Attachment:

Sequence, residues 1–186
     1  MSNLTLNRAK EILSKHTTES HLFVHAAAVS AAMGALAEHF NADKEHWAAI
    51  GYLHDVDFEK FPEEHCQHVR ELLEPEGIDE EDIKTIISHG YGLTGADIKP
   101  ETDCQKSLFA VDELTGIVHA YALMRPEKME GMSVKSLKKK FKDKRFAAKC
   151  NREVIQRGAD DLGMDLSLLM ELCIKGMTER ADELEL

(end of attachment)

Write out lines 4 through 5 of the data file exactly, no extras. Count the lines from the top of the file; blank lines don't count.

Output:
   101  ETDCQKSLFA VDELTGIVHA YALMRPEKME GMSVKSLKKK FKDKRFAAKC
   151  NREVIQRGAD DLGMDLSLLM ELCIKGMTER ADELEL